Perspective on Recent Stock Market Volatility
Peter Jankovskis, PhD, CFA
Co-Chief Investment Officer
OakBrook Investments, LLC
Stock market volatility has been in the headlines the past few months. Should investors be alarmed? Historical perspective suggests there is little reason for alarm. Instead, the recent surge in volatility should be a reminder to always be prepared for the emergence of the next period of volatility.
First, consider daily market moves. I will use the return of the S&P 500 Index as a proxy for the US stock market and focus on the absolute value of index return to capture both up and down market movements. During the fourth quarter of 2018, the largest daily move in the US market was a 4.96% gain on December 26th. Compared against the more than 5,000 daily returns of the S&P 500 during the past 20 years, it ranks as the 27th largest in magnitude. To put that in perspective, during the month of October 2008 there were three days where the magnitude of the S&P 500 return exceeded 9%. During the fourth quarter of 2008, there were 16 days where the magnitude of the S&P 500’s return exceeded 5%. The extreme volatility of 2008 was a cause for concern as it was driven by fears that the global financial system was collapsing. Today’s concerns are much more manageable than 2008.
Next, consider how the average daily volatility of the S&P 500 during the fourth quarter of 2018 compares to other quarters of the past 20 years. I measured volatility as the average of absolute daily returns during each quarter. During Q4 2018, the average absolute daily return of the S&P 500 was 1.11%. This was only the sixteenth highest during the past 20 years. It was well below the 3.31% of Q4 2008 and the 2.04% of Q1 2009. In terms of magnitude, the volatility of Q4 2018 was slightly less than that observed during the collapse of the technology bubble in 2000 (1.18% during Q1 2000 and 1.20% during Q2 2000).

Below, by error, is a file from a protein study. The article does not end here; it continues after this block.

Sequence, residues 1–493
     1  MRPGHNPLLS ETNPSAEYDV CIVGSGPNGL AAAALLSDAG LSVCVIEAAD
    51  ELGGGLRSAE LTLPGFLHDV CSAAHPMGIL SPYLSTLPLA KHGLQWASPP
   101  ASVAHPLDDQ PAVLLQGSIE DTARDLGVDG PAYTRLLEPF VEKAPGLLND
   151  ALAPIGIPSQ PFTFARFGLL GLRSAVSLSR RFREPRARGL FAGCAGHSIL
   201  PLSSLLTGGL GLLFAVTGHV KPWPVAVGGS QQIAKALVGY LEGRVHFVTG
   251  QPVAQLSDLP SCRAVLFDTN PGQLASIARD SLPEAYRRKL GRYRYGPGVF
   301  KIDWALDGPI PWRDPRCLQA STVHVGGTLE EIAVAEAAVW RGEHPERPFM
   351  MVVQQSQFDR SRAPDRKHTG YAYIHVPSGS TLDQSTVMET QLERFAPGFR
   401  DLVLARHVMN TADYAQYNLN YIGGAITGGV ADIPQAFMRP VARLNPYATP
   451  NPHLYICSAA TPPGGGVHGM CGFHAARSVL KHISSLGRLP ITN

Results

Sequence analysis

Average daily volatility during 2018 overall was near the median for the past 20 years. I measured volatility as the average of absolute daily returns during each year. During 2018, the average absolute daily return of the S&P 500 was 0.74%. This was only the tenth highest during the past 20 years. Well below the 1.74% of 2008 and 1.23% of 2009. Also trailing the 1.06% of 2000.
Compared against the past 20 years, the volatility of 2018 does not appear unusual. However, narrowing focus to the last seven years changes things. The average absolute daily return of 1.11% during Q4 2018 was the highest quarterly volatility of the past seven years and the 0.74% average absolute daily return for 2018 was the highest annual volatility for the same period.
The comparison is even more dramatic if one focuses on only the two most recent years. The average absolute daily returns for the four quarters of 2017 were the four lowest quarterly values observed during the past 20 years. The average absolute daily return for the second quarter of 2018 was the sixth lowest of the past 20 years. Set against these values, it is not surprising that the volatility of Q4 2018 seems extreme. However, returning to a longer term perspective it is clear that the true outlier was the unusual calm that prevailed in the stock market during 2017.
Trustees should maintain a long term perspective. When markets are unusually calm, be sure your portfolio is ready for the inevitable return to volatility.
Disclaimer: This article is intended to be used and must be used for informational purposes only. This article represents the opinions of the author, and is the product of professional research. Any errors are the fault of the author. OakBrook Investments, LLC or its Members, its staff including the author has no affiliation with Standard and Poor’s. The information contained in the article has been generated from sources that the author believes to be reliable, but its accuracy and completeness are not guaranteed. This article does not intend to constitute legal, tax, securities, investment advice, or an opinion regarding the suitability or appropriateness of any investment. All opinions expressed constitute the author’s judgment as of the date of the article and are subject to change without notice. Past performance is not indicative of future results.